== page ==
Redefining Possibilities: Eight diseases CRISPR technology could cure

Redefining Possibilities: Eight diseases CRISPR technology could cure

CRISPR/Cas9 was first utilized as a gene-editing theorem in 2012. In just a few years, the technology has exploded in popularity thanks to its promise of making gene editing faster, cheaper and easier than ever before.


Cancer is a cure remaining elusive, complex, and multifactorial disease. There are thousands of various types of cancer, each with the mutation signature. CRISPR technology is a gaming-changer for cancer treatment and research as it can be utilized for numerous things, including screen for cancer drivers, identifying genes and proteins that could be targeted by cancer diagnostics, cancer drugs, and as a treatment.

Blood disorders

The blood disorders sickle cell disease and beta-thalassemia, which affect oxygen transportation in the blood, are the targets of a CRISPR treatment being generated by its partner Vertex Pharmaceuticals and CRISPR Therapeutics. 


Many hereditary forms of blindness are caused by a particular genetic mutation, making it easier to use CRISPR/Cas9 to treat it by target and modify a single gene. In addition, the immune system activity is limited in the eye, which prevents any issues connected to the body rejecting the treatment.   


There are some pathways CRISPR could help us in righteousness against AIDS. One is utilizing CRISPR to cut out the viral DNA that the HIV virus inserting DNA of immune cells within. This approach could be utilized to attack the virus in its hidden, inactive form, which is what makes it impossible for most therapies to completely getting rid of virus.

Cystic fibrosis

Cystic fibrosis is a genetic disease that causes respiratory issues. Although there are treatments accessible to deal with the indication, the life expectancy is only around 40 years. Cystic fibrosis do be caused by various different mutations in the targeting gene CFTR – over 700 of which have been identified – make it tough to develop a drug for every mutation. With CRISPR technology, mutations that cause cystic fibrosis could be individually edited.

Diseases CRISPR Could Cure: Latest Updates On Research Studies And Human  Trials

Muscular dystrophy

Duchenne’s muscular dystrophy is caused by mutations in the DMD gene, which is an encoding for a protein essential for the muscles contraction. Children born with the disease suffering progressive muscle degeneration, and existing treatments are restricted to a fraction of patients with the condition.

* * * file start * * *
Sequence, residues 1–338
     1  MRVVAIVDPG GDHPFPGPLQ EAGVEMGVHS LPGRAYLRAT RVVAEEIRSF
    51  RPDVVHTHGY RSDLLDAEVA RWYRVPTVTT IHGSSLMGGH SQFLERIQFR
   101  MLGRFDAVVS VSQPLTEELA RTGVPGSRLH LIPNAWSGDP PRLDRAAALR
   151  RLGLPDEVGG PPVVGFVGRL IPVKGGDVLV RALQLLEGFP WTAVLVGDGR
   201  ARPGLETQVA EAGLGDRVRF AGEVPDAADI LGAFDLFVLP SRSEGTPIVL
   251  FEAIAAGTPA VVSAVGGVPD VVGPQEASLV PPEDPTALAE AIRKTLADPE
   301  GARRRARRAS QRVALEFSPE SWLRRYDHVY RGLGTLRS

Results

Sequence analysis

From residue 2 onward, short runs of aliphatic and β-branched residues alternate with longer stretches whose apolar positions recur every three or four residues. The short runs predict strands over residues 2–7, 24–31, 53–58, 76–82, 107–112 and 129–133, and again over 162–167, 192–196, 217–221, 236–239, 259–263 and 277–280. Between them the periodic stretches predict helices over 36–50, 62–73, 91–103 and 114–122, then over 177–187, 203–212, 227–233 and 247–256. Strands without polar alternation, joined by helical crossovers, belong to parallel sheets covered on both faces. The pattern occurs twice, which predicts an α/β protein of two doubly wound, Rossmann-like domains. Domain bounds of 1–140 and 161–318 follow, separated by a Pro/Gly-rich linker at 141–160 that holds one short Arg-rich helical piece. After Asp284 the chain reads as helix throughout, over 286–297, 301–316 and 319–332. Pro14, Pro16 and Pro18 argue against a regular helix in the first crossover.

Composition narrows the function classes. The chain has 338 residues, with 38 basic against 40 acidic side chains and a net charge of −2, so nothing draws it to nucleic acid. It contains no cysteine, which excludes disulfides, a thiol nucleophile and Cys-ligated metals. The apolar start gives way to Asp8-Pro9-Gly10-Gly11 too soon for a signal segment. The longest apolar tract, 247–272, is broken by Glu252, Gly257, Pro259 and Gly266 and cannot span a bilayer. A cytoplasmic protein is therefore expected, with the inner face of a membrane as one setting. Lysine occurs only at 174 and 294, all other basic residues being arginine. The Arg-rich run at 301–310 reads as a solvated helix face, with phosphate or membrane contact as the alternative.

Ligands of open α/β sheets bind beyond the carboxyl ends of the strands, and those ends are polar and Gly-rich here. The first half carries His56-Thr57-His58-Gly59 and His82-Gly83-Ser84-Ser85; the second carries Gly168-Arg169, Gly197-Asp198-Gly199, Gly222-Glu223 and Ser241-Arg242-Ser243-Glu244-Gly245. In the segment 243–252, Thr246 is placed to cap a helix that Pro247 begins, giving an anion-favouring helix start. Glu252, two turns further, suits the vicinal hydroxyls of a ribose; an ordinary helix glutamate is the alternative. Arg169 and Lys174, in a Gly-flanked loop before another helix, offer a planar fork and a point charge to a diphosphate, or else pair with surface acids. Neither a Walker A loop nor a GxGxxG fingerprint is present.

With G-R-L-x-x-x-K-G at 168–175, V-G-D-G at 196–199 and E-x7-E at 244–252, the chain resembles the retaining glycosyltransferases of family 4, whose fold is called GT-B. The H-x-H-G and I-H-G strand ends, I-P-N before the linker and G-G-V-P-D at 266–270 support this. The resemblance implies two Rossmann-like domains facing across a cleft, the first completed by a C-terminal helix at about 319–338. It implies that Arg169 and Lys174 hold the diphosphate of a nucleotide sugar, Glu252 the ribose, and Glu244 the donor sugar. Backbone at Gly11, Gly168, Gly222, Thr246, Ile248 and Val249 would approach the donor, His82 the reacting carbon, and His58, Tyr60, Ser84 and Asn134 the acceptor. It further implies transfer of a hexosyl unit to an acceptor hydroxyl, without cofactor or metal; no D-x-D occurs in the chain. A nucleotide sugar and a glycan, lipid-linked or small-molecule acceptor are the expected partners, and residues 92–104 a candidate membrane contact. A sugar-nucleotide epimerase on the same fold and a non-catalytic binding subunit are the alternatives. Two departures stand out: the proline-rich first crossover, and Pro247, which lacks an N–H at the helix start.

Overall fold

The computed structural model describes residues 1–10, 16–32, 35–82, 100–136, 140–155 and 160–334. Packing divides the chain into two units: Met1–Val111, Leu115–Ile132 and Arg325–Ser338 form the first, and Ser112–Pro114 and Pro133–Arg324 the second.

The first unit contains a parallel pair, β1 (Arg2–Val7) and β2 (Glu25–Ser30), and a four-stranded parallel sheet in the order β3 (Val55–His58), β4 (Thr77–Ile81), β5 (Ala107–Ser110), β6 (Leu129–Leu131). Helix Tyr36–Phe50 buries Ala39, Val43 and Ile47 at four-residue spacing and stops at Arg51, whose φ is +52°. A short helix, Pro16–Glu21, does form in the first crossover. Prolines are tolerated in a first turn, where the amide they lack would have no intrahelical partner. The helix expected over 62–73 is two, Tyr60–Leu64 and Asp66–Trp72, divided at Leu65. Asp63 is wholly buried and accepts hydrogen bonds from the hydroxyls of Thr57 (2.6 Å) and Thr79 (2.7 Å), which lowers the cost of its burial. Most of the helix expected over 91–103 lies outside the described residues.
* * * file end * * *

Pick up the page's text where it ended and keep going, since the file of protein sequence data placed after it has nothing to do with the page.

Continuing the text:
Research in mice has shown CRISPR technology can be utilized to fix up the numerous genetic mutations behind the disease. In 2018, a group of researchers in the U.S. utilized CRISPR to cut at 12 strategic mutation hotspots covering the majority of the estimated 3,000 various mutations that cause this muscular disease. A company named Exonics Therapeutics was spun out to further develop the approach. A year later, it was acquired by Vertex Pharmaceuticals for approx $1 billion to accelerate disorder drug development.

Huntington’s disease

Huntington’s disease is a neurodegenerative state with a good genetic component. The disease is caused by an unusual repetition of some DNA sequence within the huntingtin gene. The higher the number of copies, the earlier the disease would manifest itself.

Treating Huntington’s can be tricky, as any off-target effects of CRISPR in the mind could have very threatening consequences. To lessen the risk, scientists are looking at pathways to tweak the genome-editing tool to make it safe.

Eight Diseases That CRISPR Technology Could Cure


In the face of COVID pandemic, CRISPR has quickly been put to use for fast screen tests. In the longer term, the gene-editing tool might permit us to fight COVID-19 and other viral infections. 

Another study group at the Georgia Institute of Technology has utilized the same approach to destroying the virus before it enters the cell. The method was tested in live animals, improving the hamsters’ symptoms infected with COVID. The treatment is also working on influenza mice infected, and the study believes it can be effective against 99 percent of all the existing influenza strains.

The future of CRISPR technology

Considering that CRISPR/Cas9 is a newest development in the biology world, study has only begun to scratch the surface of the role it could play in the future. The examples listed here are just the foremost attempts at utilizing CRISPR technology as a therapist. As they progress out, we do expect more and more indicators to be added to the list. 

One of the biggest challenges to turn this research into real cures is the many unknowns regarding the CRISPR therapy potential risks. Some studies are concerned about possible immune reactions and off-target effects as well to the gene-editing tool. But as study progresses, scientists are testing and proposing a huge range of approaches to improve and tweak CRISPR in order to increase its safety and efficacy. 

Hopes are higher that CRISPR/Cas9 technology would soon serve a pathway to target and destroy complex diseases like AIDS and cancer, and even target genes connected with mental illnesses.

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